A product over primes and its limit

Let $n$ be a positive integer and let $p(n)$ be the $n$th prime. Let $$f(n) = \dfrac{1}{30} \prod_{3<i<n+1} \left(\dfrac{p(i)- \left( \dfrac{2i}{\ln(p(i))}\right) + 1}{p(i)} \right).$$

How does $f(n)$ behave asymptotically? Does $\lim_{n\to oo} (n+7)^2 f(n)$ exist and what value is it? Can the limit be given in closed form?

-
Careful observation of human reactions suggests that people tend to show more interest in problems that seem relevant to them. The lack of responses to your question may reflect the fact that it is singularly devoid of such motivation. – joriki Oct 31 '12 at 17:01
@joriki : On chat ppl said they find it intresting but hard. – mick Oct 31 '12 at 17:17
I'd find it quite interesting if I knew how it came up and why you're interested in the answer. – joriki Oct 31 '12 at 17:55
The limit is probably 0. reason is the product over primes $(P_i - k)/P_i = O ( 1/log(n)^k )$. – mick Oct 31 '12 at 19:07
The limit then appear to be like $x^2 / log(x)^{O(log(x))}$ which is $0$. – mick Oct 31 '12 at 19:09

An infinite product is said to converge if the limit exists, and it is not zero. This is because the log of a product is a sum of logs, and $\ln0=-\infty$. Furthermore, there's a theorem about the convergence or divergence of $\prod_i(1-a_i)$ being the same that of $\sum_ia_i$. In this case, since $\sum_i\frac{2\,i}{p(i)\ln p(i)}$ diverges then so does the product. Since each term is clearly $<1$, then it diverges towards $0$. QED.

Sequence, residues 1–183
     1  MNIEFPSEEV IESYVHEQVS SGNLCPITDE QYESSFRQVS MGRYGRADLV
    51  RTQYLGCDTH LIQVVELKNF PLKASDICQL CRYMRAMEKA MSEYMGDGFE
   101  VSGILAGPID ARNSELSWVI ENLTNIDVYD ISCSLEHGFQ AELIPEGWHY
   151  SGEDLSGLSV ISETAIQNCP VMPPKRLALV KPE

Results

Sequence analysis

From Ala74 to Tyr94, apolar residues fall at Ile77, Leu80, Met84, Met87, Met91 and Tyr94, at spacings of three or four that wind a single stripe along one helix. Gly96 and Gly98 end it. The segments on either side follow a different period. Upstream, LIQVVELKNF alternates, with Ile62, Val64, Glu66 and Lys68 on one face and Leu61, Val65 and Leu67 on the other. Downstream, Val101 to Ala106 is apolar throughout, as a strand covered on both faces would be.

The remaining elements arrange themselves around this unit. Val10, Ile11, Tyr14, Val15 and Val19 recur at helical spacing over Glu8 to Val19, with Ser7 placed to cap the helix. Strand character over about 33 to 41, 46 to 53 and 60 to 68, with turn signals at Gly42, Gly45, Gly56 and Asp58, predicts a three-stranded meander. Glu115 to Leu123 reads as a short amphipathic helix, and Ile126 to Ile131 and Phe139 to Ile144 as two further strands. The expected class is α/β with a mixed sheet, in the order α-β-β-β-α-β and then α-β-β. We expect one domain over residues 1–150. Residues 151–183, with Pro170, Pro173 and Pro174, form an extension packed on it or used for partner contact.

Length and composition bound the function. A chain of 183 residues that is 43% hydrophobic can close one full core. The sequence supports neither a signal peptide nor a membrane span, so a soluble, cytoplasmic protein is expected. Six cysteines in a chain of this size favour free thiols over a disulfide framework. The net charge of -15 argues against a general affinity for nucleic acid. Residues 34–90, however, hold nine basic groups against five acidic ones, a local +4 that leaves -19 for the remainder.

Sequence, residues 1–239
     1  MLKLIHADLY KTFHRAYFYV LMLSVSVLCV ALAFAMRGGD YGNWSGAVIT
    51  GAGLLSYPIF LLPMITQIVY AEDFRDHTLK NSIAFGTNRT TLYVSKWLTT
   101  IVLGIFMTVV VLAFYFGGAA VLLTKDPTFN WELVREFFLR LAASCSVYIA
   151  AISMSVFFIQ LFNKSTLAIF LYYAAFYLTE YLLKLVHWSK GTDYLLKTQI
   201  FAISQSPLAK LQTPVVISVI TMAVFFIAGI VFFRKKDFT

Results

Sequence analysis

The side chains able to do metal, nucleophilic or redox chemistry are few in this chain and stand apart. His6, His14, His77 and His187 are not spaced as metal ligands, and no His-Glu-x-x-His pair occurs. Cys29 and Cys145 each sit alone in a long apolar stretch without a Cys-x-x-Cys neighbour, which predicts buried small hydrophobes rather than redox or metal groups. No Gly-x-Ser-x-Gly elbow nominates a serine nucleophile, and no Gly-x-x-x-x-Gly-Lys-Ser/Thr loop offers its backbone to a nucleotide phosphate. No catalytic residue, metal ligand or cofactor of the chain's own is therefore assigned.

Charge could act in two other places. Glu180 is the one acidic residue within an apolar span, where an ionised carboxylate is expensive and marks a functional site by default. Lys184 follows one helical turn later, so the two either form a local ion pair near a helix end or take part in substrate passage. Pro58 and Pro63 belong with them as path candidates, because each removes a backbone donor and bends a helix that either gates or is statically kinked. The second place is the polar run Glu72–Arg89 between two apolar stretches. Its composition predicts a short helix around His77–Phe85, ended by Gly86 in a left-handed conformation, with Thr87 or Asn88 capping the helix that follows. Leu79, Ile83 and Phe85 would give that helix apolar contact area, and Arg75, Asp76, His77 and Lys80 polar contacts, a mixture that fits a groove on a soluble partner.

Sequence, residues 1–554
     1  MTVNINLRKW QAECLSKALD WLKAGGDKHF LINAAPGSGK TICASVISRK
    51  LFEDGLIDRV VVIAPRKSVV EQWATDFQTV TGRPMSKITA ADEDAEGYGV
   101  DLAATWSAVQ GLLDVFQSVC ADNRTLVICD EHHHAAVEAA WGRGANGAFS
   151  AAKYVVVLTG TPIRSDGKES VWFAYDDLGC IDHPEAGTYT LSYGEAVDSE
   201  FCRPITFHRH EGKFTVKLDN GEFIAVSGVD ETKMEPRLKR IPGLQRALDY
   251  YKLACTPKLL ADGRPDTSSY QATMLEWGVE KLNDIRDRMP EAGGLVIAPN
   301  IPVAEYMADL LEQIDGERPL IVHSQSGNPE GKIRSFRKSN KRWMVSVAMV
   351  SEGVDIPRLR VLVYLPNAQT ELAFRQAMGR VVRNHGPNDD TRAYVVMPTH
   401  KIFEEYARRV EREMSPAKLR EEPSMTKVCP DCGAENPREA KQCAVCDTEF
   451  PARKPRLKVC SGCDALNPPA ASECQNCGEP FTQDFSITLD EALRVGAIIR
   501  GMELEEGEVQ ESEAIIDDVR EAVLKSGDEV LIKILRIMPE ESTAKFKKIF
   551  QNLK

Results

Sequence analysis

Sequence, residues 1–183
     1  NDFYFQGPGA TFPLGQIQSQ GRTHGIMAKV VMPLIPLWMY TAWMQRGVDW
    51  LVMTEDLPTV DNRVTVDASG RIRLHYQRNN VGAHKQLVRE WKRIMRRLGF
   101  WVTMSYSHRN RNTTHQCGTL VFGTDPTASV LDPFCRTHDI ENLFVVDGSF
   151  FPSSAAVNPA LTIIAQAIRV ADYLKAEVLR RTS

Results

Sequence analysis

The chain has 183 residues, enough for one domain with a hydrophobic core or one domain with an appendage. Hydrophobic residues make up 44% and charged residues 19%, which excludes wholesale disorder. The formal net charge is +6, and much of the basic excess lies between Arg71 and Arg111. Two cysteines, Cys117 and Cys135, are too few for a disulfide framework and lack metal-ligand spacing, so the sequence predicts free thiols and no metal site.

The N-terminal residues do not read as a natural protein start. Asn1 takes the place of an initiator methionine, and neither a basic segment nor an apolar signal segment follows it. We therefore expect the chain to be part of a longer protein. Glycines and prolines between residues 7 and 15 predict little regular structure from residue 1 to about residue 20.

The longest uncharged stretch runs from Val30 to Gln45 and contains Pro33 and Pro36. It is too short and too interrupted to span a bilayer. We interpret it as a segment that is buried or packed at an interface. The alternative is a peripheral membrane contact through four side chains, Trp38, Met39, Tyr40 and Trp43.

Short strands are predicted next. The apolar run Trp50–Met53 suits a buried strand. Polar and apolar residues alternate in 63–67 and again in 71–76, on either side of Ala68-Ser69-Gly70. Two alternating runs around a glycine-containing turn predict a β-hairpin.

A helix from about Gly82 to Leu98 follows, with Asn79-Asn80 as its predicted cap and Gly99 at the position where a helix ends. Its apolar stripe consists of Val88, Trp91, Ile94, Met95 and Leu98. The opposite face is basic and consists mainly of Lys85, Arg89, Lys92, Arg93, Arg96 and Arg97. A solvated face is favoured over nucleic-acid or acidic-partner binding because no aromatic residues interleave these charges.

I'm glad to hear that ! :-) However, $(1)$ unanswered questions merely clog up the Unanswered Questions queue (and there are over $100$ pages of these only on my labels alone), and $(2)$ questions are to be answered publicly for the benefit of the entire community (e.g., interested third parties). – Lucian Nov 27 '13 at 23:43